We respectfully write in regards to a letter by a Ola Fia published in your edition of Wednesday 15 June 2016.
While the Office of the Electoral Commission respects his or her freedom of expression, our duty to ensure that correct information is made available to the public is rather more important.
We do not wish to engage in a tit for tat debate on this issue as we have on a number of occasions explained to the public through the media the requirements of the Electoral Act 1963 pertaining to the qualifications of candidates for any elections.
On that instance, we wish to once again emphasize that Section 5(5)(b)(i) of the Act clearly states that a candidate must declare that he or she has a previous conviction in Samoa or any other jurisdiction of a crime punishable by death or imprisonment of not less than four years in the previous eight years.
There is nothing in the Act that requires a candidate to declare that he or she has a charge or an outstanding warrant of arrest as Ola Fia alluded to in his letter.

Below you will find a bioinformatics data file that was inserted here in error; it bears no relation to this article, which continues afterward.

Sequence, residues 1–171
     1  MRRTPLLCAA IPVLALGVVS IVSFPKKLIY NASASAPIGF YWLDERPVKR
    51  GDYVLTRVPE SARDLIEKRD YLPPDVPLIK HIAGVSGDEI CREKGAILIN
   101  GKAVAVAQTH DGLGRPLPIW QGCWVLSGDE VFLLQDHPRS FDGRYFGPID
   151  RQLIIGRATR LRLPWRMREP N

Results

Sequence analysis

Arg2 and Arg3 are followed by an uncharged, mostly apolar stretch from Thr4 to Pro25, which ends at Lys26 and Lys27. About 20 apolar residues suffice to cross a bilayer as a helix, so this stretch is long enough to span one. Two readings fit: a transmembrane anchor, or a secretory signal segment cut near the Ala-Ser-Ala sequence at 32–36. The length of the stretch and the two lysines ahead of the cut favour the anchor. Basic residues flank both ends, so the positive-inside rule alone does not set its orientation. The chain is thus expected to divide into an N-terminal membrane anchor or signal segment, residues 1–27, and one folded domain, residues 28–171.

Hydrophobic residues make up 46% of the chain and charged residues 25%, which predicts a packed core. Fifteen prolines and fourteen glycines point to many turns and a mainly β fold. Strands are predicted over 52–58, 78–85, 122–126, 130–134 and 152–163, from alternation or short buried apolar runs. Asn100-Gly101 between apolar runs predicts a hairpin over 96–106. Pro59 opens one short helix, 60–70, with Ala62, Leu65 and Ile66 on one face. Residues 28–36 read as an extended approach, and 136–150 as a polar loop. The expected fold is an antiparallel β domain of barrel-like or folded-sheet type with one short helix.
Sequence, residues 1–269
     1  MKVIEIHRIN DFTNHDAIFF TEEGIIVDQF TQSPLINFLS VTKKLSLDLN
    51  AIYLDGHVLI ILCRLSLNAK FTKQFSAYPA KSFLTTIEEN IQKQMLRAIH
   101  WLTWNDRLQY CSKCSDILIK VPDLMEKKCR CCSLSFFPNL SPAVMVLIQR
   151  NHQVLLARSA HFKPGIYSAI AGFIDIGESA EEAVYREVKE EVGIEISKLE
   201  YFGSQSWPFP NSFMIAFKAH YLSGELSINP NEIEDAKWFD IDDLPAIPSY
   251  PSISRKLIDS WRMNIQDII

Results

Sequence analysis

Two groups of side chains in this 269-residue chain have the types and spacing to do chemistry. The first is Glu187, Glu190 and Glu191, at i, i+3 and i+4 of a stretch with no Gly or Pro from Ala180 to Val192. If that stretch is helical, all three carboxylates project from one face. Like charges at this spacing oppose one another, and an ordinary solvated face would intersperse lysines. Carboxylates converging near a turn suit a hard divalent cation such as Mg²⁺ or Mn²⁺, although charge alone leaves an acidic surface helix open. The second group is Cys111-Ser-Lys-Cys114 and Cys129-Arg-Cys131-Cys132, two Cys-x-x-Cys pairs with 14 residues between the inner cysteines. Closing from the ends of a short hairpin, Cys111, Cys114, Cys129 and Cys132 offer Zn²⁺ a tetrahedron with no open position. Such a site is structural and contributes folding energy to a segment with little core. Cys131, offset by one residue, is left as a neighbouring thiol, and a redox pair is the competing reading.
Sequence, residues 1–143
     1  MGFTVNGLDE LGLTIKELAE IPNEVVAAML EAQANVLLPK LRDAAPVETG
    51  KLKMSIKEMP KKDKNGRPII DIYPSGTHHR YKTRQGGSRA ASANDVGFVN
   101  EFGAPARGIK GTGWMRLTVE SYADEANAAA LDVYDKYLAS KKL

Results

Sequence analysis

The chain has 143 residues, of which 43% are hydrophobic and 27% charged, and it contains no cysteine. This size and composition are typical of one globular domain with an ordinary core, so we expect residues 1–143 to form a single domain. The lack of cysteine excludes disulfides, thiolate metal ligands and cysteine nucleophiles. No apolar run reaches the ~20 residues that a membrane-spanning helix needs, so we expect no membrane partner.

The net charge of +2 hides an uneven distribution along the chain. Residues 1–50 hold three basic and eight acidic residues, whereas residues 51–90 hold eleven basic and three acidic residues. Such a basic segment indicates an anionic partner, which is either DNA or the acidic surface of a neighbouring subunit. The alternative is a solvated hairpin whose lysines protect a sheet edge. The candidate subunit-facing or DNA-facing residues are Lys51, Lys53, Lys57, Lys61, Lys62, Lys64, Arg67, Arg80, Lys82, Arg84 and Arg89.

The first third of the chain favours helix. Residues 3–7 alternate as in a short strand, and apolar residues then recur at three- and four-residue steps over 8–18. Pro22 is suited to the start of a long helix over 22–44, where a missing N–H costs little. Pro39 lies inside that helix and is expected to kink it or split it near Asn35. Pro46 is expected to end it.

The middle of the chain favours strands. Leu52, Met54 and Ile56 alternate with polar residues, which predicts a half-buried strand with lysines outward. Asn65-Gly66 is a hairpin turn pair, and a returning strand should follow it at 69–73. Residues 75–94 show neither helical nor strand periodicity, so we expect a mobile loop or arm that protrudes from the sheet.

It’s obvious that the logic behind this part of our legislation, which is not a new requirement by the way, is to uphold the notion that every person is innocent until proven gtuilty by the Court of law.
For ease of reference Mr. Editor, below are the exact words in the Electoral Act which govern the issue raised by the writer.
(5) A person is disqualified for being a candidate or being elected as a Member of Parliament if the person:
(b) has been—
(i) convicted in a Samoa or another country within the previous 8 years, of an offence punishable by death or by imprisonment for a term of 4 years or more;
Ma le fa’aaloalo lava,
Faimalomatumua Mathew Lemisio
Acting Electoral Commissioner